2. Double-click on each of the files, then click Run.
3. To quit, select the File menu and choose Quit.

12 Adding a Curved Slot Joint


1. To add a Curved Slot Joint, click on the Curved Slot joint tool.
2. Click on the spaceman and then click on a couple of other places to the right of
the spaceman, and then double-click to complete the slot (see figure below).
to start the experiment and observe that the spaceman slides down
3. Click
the curved slot. Click
.

15 Curriculum Workbook
Supplementary workbooks with Interactive Physics exercises of varying difficulty
are available with purchase. To try the instructional curriculum:
, then Programs, then
Windows users: Go to the Windows
InteractivePhysics, then click on StartCurriculum.html, then choose Demo Users.
Mac users: Open the installation CD and double-click on each of the files in the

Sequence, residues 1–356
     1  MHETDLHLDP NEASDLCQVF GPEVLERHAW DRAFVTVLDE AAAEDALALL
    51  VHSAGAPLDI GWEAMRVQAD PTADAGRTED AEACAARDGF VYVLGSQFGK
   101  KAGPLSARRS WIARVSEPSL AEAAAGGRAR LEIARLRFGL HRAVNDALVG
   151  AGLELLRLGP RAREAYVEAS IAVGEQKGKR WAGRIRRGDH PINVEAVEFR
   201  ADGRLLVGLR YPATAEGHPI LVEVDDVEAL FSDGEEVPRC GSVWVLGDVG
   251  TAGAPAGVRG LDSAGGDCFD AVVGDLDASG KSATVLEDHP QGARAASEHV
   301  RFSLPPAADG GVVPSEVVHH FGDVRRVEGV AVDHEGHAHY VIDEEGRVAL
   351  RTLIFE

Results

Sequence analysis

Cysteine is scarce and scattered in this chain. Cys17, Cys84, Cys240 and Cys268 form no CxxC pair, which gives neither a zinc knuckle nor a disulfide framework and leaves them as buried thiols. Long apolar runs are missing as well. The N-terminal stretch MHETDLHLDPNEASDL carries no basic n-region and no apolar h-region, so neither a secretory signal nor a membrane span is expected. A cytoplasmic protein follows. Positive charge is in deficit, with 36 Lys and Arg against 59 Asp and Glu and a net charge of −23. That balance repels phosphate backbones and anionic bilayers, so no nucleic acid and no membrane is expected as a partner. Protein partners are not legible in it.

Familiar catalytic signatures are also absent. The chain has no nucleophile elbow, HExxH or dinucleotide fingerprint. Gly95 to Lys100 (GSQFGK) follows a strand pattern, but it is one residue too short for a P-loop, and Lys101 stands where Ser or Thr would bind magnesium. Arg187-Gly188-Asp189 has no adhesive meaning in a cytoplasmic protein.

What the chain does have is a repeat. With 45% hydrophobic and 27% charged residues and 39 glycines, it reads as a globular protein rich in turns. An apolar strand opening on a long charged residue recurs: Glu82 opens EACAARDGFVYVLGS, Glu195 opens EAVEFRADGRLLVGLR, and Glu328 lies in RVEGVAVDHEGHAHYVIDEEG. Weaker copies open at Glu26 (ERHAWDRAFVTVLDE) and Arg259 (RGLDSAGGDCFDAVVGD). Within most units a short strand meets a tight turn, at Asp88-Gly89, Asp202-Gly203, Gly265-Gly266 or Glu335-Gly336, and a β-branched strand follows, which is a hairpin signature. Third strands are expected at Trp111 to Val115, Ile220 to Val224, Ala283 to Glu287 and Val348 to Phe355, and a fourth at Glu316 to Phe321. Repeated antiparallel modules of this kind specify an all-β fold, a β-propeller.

IPCurriculum folder. Follow the on-screen directions.
Note: The Demo Edition can open only Demo files. The Full Edition must be
purchased to open the curriculum and additional 150+ physics experiments.

13 Adding a Force
1. To add thrust to the spaceman to overcome air resistance, click on the Force
tool, then click on the spaceman, then move the mouse to the left and click again.
2. Click
to start the experiment and observe that the spaceman overcomes
.
air resistance and moves more quickly along the curved slot. Click

New interactive experiments explore concepts in Energy,


Temperature, Heat Transfer, Waves, and Sound
Plus experiments in speed, distance, time, acceleration, force, weight, mass,
gravity, and air resistance
New curriculum workbook correlated with National and State Educational
Standards and Objectives